OTTAWA – Finance Minister Jim Flaherty took a major step toward the establishment of a national securities regulator on Monday, creating an advisory office to draft legislation for the change.
But high hurdles remain.
The minister conceded not all the provinces are on board – particularly Quebec, Alberta and Manitoba, which support the current system allowing each province and territory to set the ground rules and regulations for securities trading and investment.
And, the federal Liberals are asking for a Supreme Court reference to determine jurisdiction, something Flaherty dismissed.
“No province or territory is compelled to join … (and) we are closing the door on nobody,” he said.
The government will announce a list of “core provinces and territories that will serve on an advisory council in the next few weeks, but the big new fish in the group will be British Columbia, which along with Ontario, comprises over 80 per cent of securities trading in Canada.”
A clear indication of B.C.’s change of mind on the issue came Monday when Flaherty appointed Doug Hyndman, the head of the province’s securities commission since 1987, to head the transition office for the next three years.
Bryan Davies, who has been chairman of the Canada Deposit Insurance Corp. since 2006 and who held a number of senior positions in the Ontario provincial bureaucracy prior to that, was named vice-chairman.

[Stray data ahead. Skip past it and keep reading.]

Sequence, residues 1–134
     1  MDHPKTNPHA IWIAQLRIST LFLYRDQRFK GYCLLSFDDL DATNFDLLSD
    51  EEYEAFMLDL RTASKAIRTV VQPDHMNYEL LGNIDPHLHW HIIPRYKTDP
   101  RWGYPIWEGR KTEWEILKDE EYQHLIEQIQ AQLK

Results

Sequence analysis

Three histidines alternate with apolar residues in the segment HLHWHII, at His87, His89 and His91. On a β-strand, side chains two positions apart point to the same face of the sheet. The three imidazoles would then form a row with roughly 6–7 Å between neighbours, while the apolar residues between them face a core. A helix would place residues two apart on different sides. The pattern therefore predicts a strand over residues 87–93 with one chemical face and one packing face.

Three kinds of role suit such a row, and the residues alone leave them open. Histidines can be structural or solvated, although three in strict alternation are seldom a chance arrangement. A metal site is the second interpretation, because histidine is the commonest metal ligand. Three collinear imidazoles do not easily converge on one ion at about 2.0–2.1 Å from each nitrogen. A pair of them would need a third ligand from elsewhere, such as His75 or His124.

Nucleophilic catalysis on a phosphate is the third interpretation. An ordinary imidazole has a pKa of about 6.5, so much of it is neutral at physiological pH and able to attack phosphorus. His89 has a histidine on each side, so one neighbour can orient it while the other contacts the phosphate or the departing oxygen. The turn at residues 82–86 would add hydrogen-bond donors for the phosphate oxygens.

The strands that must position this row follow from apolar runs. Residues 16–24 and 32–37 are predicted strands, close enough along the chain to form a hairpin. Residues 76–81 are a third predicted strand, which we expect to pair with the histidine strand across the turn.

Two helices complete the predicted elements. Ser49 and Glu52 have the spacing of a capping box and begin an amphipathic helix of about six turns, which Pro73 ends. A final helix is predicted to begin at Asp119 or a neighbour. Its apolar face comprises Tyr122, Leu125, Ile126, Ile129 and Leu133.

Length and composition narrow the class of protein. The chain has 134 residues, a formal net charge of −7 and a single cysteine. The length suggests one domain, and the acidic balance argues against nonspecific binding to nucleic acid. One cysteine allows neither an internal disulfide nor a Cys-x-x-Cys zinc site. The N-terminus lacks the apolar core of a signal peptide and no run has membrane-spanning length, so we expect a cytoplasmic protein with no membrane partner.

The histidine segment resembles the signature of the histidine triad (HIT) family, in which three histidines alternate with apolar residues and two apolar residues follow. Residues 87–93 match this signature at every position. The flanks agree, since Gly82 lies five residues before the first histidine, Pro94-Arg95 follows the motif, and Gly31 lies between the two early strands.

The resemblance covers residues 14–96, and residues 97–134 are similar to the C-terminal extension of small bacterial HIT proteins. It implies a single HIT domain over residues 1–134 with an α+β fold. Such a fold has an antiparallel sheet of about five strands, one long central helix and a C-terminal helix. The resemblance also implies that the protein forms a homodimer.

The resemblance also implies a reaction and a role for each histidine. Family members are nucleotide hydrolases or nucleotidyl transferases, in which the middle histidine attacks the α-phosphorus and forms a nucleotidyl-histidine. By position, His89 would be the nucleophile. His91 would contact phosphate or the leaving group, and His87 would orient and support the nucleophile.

The transition team is charged with drafting legislation for a Canadian regulator within a year, but it is still uncertain how long after a law is drafted that one will be up and running, and how large a territory the new institution will govern.
Flaherty said a Canadian national securities regulator has been a priority for the Conservatives since they formed their first minority government in 2006.
“The appointment of such experienced individuals will ensure that the transition office has the expertise in securities regulation and financial stability that is required to launch this critical project for Canada’s capital markets,” Flaherty said.
The concept also has widespread support from the private sector, who would rather deal with one set of rules and regulations than 13.
“If the country is going to attract foreign capital, which it is going to need, a streamline, efficient system that dovetails into some of the other securities regulators around the world is critically important,” explained Brian Porter, the executive vice-president of risk and treasury with the Bank of Nova Scotia.
But Liberal finance critic John McCallum accused the government of exaggerating the benefits, saying the current passport system, which while adhering to individual jurisdictions also includes a great degree of co-operation and information-sharing between provinces and territories, is working.
“I think it is a good thing to have, but I also think the government has overhyped it. The countries with single regulators like the United States and the United Kingdom were the source and did very poorly in this financial crisis, so I don’t think it’s crucial for financial stability.”
Bloc Quebecois House leader Pierre Paquette called the move “pure provocation,” accusing the government of trying to isolate Quebec.
McCallum said given the staunch resistance by some provinces, it was important to establish if Ottawa has the constitutional authority to intervene in the issue.
But the finance minister characterized the reform as part of Canada’s work with other countries to fill regulatory gaps that triggered the global credit crisis that erupted last year.
“We have learned from the experience of other countries that systemic risk can arise from all parts of the financial sector, not just banking. Obviously that includes capital markets,” Flaherty said.